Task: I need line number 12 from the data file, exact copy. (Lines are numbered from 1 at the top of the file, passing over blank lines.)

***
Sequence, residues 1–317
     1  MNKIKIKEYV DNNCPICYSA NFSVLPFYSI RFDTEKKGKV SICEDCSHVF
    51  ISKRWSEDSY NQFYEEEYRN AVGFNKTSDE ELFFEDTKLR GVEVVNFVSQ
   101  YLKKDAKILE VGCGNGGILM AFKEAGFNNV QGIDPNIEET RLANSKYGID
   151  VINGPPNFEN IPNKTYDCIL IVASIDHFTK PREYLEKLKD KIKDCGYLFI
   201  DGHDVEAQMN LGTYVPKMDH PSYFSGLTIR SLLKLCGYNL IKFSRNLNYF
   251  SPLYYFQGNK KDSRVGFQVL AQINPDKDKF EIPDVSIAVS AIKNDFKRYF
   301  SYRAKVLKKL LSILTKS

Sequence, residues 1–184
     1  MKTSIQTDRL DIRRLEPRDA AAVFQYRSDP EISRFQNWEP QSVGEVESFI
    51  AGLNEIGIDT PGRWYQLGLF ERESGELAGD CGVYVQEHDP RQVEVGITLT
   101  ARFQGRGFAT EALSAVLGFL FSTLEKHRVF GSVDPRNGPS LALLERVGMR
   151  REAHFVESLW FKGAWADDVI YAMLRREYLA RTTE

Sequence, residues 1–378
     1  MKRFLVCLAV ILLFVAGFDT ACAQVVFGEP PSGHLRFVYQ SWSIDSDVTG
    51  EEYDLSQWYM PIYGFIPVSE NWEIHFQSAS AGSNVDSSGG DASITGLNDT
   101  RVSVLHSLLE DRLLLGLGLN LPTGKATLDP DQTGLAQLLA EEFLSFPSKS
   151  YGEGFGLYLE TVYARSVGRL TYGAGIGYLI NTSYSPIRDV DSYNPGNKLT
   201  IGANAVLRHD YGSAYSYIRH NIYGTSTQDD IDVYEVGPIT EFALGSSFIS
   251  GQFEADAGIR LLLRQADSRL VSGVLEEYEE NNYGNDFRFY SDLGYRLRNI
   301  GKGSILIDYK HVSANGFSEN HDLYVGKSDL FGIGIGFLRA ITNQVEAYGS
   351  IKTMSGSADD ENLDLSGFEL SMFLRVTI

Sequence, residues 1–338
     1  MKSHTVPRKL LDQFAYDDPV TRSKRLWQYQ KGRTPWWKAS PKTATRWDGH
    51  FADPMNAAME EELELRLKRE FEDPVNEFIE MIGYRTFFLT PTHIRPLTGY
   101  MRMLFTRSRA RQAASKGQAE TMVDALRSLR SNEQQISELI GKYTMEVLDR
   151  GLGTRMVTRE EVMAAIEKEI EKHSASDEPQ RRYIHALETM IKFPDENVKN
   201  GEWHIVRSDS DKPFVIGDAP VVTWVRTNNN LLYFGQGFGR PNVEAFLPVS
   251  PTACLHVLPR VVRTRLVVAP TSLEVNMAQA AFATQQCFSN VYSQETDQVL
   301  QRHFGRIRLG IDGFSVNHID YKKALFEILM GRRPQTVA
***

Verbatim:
   101  ARFQGRGFAT EALSAVLGFL FSTLEKHRVF GSVDPRNGPS LALLERVGMR